Tips for Grandparents
A grandparent's role in easing children's stress-filled lives.
Most adults would describe childhood as blissful and carefree, especially in comparison to their own pressure-cooker lives. Few children worry about lay-offs, escalating debt, or declining health: so what pressures do grandchildren really face? Plenty!
Today, even kindergarteners face academic and social competition, fear of violence, and confusion over divorced parents. Stress can affect anyone who feels overwhelmed, regardless of age. In preschoolers, separation from parents causes the greatest anxiety. For older children, academic and social situations are the root of most stress. Because children suffering from stress may not be able to identify the cause, adults need to watch for warning signs.
Recognizing Signs of Stress
Children often exhibit stress differently than adults. The younger the child, the less likely that the trouble is communicated verbally. Adults should think in the context of what is "normal" for that child's age group. While questioning adult authority is natural for teenagers, such behavior should be looked at more closely for a seven-year-old. Regression to younger behaviors can also indicate stress. If a fully toilet-trained five-year-old begins to wet the bed again, stress may be the culprit. Kids can also show "adult" symptoms of stress, such as irritation, change in appetite, or trouble sleeping.
Results from Childhood Stress
The consequences of childhood stress vary with the child. When children experience mild, short-term stress (such as a challenging test at school), there are usually no long-term consequences. However, the more stressors a child has to endure, the less control the child has, and the higher the involvement of a loved one in inflicting the stress, then the long-term consequences are more severe.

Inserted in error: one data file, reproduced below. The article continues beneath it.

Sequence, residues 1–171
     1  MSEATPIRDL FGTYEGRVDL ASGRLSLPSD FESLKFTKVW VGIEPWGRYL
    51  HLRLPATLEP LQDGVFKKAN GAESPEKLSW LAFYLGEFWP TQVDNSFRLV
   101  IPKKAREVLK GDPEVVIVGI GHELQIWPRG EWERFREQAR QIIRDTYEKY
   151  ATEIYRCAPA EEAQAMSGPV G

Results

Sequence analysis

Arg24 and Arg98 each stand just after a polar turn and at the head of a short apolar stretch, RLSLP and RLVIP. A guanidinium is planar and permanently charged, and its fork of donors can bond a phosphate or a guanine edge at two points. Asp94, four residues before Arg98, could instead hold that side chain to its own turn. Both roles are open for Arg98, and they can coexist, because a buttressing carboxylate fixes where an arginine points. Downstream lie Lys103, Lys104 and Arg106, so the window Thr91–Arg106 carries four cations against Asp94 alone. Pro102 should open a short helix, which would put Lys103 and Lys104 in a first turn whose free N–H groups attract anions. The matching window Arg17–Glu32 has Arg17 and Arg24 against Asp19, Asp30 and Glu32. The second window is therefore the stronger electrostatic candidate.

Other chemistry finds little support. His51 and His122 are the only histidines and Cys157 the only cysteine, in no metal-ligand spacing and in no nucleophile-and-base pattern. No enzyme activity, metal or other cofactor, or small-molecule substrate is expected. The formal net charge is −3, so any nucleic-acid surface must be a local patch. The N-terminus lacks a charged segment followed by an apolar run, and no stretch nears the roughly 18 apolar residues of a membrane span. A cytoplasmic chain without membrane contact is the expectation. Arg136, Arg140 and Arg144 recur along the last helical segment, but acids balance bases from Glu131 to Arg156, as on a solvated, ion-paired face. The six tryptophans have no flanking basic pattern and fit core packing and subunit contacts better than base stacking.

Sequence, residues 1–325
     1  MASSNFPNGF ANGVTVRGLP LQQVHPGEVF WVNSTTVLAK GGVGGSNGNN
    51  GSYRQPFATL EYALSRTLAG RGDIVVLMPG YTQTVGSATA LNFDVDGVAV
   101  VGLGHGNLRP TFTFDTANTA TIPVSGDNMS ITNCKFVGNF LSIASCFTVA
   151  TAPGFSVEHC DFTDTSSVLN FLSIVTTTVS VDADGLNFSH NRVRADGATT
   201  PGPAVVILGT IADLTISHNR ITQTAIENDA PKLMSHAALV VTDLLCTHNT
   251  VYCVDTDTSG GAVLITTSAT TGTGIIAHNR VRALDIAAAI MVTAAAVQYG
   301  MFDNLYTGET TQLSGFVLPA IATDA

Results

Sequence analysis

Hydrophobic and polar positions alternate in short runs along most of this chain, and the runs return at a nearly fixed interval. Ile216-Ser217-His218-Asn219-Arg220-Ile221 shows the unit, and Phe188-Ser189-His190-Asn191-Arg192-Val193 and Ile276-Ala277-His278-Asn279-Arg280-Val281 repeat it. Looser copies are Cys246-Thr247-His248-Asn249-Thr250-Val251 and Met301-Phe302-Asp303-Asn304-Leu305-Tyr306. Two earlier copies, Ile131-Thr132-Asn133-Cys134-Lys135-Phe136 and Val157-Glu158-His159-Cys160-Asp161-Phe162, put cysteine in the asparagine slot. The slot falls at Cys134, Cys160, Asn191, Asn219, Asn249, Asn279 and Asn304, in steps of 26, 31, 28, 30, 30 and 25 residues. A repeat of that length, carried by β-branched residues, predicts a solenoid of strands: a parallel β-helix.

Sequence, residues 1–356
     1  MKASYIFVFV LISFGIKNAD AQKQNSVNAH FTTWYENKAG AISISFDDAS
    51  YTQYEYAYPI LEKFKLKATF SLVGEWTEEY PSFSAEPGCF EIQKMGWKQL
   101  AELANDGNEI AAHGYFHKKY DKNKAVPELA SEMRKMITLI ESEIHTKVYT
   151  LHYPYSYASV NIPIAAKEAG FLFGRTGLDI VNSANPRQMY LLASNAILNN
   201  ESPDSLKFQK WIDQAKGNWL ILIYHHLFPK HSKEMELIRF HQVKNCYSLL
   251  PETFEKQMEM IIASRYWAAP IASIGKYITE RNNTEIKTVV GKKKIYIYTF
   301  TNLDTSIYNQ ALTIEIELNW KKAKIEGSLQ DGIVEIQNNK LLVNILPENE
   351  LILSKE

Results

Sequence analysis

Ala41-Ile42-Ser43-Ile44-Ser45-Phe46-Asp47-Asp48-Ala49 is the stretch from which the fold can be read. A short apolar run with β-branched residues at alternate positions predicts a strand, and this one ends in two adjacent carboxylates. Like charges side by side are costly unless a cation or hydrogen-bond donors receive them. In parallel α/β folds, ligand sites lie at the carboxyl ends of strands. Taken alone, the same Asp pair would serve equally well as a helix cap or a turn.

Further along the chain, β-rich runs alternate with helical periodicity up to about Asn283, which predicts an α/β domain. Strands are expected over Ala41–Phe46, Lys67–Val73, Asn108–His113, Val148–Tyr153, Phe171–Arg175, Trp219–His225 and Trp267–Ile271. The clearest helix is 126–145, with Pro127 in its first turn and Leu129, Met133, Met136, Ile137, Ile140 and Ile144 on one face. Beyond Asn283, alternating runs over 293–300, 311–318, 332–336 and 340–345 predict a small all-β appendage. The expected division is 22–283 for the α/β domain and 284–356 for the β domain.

A Grandparent's Role
Children are more sensitive to their environment than many adults realize. No matter how bad things are, never use your grandchild as a sympathetic ear to unload your troubles. Although some children may appear impervious to stress, no child has the inner resources to handle adult stress. Instead, become a listening ear for your grandchild. Love and caring among family is the best way to trump difficult times.
Tell your grandchildren that you will love them no matter what. Make yourself available whether by phone, email, mail, or in person to talk about your grandchildren's troubles. Empathize with your grandchild's feelings. Don't minimize feelings, even if the instance seems ridiculous by adult standards. By not criticizing your grandchild, conversation will continue. And, by showing
interest in your grandchild's life, regardless of his or her age, you demonstrate your love.
Whenever you have time to spend with your grandchild, let it be fun and relaxing. Kids today don't have enough time to play. According to University of Michigan researchers, seventy-five percent of a child's day is tightly programmed with carefully-outlined activities. Time without rigid structure allows kids to unwind and be creative and resourceful.
What's normal, what's not?
Remember that some level of stress is normal, and at times, desirable. Let your grandchild know that it is acceptable to feel angry, scared, lonely, or anxious, and that other people share his or her feelings. Preventing exposure to overwhelming stress is important, but experiencing normal, life stress promotes the development of coping mechanisms.
Always seek professional attention when stress is causing significant problems with your grandchild's functioning at school or at home.
Lauren Teegarden, a high school senior, lives in Portland, Oregon. With grandparents of her own, Lauren recognized the value of strong grandparent-grandchild interactions and started "The Grandparent Connection," a free monthly email newsletter with articles, advice, and activities for grandparents. Visit her website, www.thegrandparentconnection.org, to sign up for the newsletter.